Sommer said the idea of Calligraphy Club stems from her own enjoyment of calligraphy after taking a class outside of Archer. Sommer said she loves how calligraphy is an art that’s able to be shared between different people.

“I love doing people’s names on cards and calligraphy,” Sommer said. “I really wanted to share that with people and share it with my community. So that’s why I decided to start the club.”

Since the club began in October, a goal for the Calligraphy Club has been creating weathergrams with empowering quotes written in calligraphy so that they can later be displayed. At their most recent meeting, the club hung their weathergrams on a tree on the left side of the courtyard. Sommer said she felt joyful in seeing her goal come into fruition.

“I really wanted to start a club, but I didn’t really know how at first, so I’m just very proud that it has come to what it is now and that people come and we can collaborate and be creative and have fun,” Sommer said. “What we put in the courtyard, maybe someone will walk by and it’ll make their day a little happier.”

Stitch Perfect Club

Sophomore Sabrina Walker is the leader of the Stitch Perfect club. The club focuses on creating knitted hats for premature newborn infants in the Neonatal Intensive Care Unit. What sparked her interest in creating this club was her relation to once being a premature infant and being in the NICU. Furthermore, she picked up the hobby of crocheting over the pandemic and wanted to share her newfound passion with the greater Archer community.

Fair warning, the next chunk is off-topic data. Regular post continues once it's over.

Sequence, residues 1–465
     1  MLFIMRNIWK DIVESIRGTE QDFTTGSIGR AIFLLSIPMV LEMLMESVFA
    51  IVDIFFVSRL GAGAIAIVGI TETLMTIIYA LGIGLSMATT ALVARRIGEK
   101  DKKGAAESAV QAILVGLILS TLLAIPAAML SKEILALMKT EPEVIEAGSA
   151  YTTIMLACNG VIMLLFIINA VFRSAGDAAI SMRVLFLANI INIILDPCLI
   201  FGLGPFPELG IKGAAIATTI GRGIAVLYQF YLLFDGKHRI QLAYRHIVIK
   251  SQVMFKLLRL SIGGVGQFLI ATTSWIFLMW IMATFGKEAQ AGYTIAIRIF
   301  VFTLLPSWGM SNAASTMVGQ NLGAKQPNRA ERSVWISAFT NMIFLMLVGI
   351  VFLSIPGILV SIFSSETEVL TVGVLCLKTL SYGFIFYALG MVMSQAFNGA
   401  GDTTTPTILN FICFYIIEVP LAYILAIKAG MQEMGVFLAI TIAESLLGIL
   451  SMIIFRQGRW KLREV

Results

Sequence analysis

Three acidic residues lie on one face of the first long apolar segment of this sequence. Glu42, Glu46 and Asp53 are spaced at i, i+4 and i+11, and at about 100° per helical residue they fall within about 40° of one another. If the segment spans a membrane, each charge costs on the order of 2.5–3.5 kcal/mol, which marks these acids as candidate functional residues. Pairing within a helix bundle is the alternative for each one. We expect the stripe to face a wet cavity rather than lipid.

“I wanted to aid families who have children in hospitals, those who were hospitalized and also preemies — so children in the NICU,” Walker said. “I spent some time in the NICU when I was younger … I really wanted to find a way that I could execute my service hours in my self project and help little NICU babies and that happened to be through crochet.”

Walker said usually it takes a few months to ship the hats because for most members, they are first time learners and need guidance on how to make the hats.

“I am teaching the majority of the club the basics of crochet so that obviously takes a little bit longer,” Walker said. “But after spending free time making little hats, I ship them away to Miracle Babies.

The club is open to all middle and upper school students who either have knowledge or no knowledge of how to crochet as everyone will be taught how. The club meetings are every other Tuesday and Walker said she hopes this semester, they can send more batches of hats to Miracle Babies.

“It takes a while, so I hope I can pick it up this semester,” Walker said. “[If] people are able to show and are showing up and we’re all able to learn, then that’d be great.”